What behaviors from Model the Way do you notice in the dialogue in the garage between Trevor’s mother and Jerry, the homeless drug addict whom Trevor wants to help get back on his feet in his plan to do a good deed for three people, hoping they in turn will help three more and so on? During the garage dialogue scene, Jerry displays some leadership qualities driven by his recent experience with Trevor. The dialogue itself is considered a leadership behavior between two people, for starters. In particular, when Jerry decides to show up at the house, he clearly shows that he is determined in some way. His determination was caused by Trevor’s Model the Way attitude in which he decided to start a powerful movement based on his beliefs that he could change the world by doing three good deeds with three separate people in hopes they would continue the cycle. Although Jerry was in the wrong position—getting caught in the garage fixing Jerry’s mom’s car—he said he was there in order to ‘pay it forward’, referencing his efforts to do a good deed as Trevor taught him. According to Posner & Kouzes (2012), leadership is a means of personal expression. In this scene, Jerry clearly expresses his feelings about the situation causing an impact on Trevor’s mom; in a similar manner as it did with him.
As Trevor describes his plan to the class, what does he do that reflects the practice of Model the Way?As a true leader, Trevor set the example by putting himself at the front of the class and clearly articulating his vision to the teacher and other students. This was an example of him showcasing his voice. In addition, Trevor told everyone that he wanted to help others and it had to be with something BIG in which the other person couldn’t help themselves with. This shows leadership characteristics aligned with teaching others the shared values. Here, Trevor used the chalkboard to visually illustrate his good deeds concept, which can be viewed as a leadership tool that helped him reinforce his message by using a process model.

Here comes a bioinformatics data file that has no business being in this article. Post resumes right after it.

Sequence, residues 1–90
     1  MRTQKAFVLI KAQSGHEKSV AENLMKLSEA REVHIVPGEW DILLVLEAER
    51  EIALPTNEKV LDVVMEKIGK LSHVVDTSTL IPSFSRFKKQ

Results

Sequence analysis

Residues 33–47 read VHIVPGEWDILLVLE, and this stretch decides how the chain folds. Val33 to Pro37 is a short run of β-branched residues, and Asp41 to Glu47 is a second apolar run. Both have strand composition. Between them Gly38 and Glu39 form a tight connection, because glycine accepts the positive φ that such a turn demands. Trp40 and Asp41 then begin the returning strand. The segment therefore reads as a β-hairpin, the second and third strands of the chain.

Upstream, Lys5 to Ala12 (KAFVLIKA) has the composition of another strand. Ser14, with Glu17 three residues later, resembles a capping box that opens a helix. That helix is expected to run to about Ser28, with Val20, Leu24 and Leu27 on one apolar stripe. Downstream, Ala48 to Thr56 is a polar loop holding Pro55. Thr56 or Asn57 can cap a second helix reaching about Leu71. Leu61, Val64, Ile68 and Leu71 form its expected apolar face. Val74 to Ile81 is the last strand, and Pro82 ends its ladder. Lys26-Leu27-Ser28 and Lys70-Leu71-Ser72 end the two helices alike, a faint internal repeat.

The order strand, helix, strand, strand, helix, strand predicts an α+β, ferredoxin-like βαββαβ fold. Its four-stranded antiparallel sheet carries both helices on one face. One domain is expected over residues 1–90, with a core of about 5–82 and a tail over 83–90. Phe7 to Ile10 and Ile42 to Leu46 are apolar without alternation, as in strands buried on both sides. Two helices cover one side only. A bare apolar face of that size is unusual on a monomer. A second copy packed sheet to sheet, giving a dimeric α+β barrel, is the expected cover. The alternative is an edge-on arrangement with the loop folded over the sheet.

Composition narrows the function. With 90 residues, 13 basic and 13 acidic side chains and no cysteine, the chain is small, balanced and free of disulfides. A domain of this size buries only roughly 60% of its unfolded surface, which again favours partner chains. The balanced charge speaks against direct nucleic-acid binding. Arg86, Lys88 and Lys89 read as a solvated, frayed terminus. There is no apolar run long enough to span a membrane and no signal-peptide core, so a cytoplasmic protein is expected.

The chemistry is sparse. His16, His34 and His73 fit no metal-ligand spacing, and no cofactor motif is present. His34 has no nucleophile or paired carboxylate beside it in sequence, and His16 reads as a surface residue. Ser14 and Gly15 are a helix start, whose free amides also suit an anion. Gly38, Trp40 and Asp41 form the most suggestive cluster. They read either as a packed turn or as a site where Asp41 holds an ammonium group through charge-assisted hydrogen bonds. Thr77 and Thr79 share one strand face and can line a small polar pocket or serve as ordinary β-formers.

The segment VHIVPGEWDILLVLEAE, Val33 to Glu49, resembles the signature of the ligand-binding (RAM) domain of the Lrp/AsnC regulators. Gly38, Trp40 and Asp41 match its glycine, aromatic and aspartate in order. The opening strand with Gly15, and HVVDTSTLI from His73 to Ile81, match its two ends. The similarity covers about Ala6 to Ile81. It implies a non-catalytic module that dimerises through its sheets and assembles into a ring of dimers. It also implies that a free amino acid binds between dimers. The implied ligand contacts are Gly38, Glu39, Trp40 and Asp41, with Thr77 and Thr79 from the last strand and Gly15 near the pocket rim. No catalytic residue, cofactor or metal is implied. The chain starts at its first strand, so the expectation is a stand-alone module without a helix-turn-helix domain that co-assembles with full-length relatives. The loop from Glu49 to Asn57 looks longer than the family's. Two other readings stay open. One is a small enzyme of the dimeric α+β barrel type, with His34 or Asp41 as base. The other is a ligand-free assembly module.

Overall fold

Being “Brave” (Scene Time: 1:46:50 – 1:50:46)
In “Being Brave,” what behaviors in the practice Model the Way do you hear about that were exhibited and held people back in paying it forward? One of the common behaviors that held people back in paying it forward, was fear. Fear of what other people thought. Fear of not succeeding. Fear of change. But when everyone within Trevor’s good deed network saw the impact it had on others, their mindset changed, and they too decided to eventually pay it forward.
Overall, the movie, Pay It Forward, displayed many examples of Model the Way leadership behaviors. In addition to the ones already pointed, other identifiable acts of leadership were noticed in the scene where the man in the ‘Emergency Room (ER)” influenced the nursing staff to quickly respond to the sick girls’ needs instead of waiting for someone else to take the initiative to help. Although somewhat mad—in its own way—the man decided to pay it forward by helping another family in need in the ER as a result of someone else’s good deed. In this case, an older lady (i.e. Trevor’s grandma) performed an act of leadership by paying it forward via a good deed helping the man in the ER escape under-the-radar of the police after committing a crime.
With all things considered, the storyline behind Pay It Forward follows a continuous cycle of good deeds, based on the concept Trevor bravely presented to his fellow teacher and classmates about his plan to change the world. Most notable and probably the most debatable, Pay It Forward highlights a classic leadership approach where the leader starts off as the obvious teacher mentoring the student(s) but later the student(s) become the actual educators, which influence others. This idea by itself reflects leadership behaviors as leaders come in all forms. This is a great example of, “Leadership is about what you do, not who you are” (Posner & Kouzes, 2012).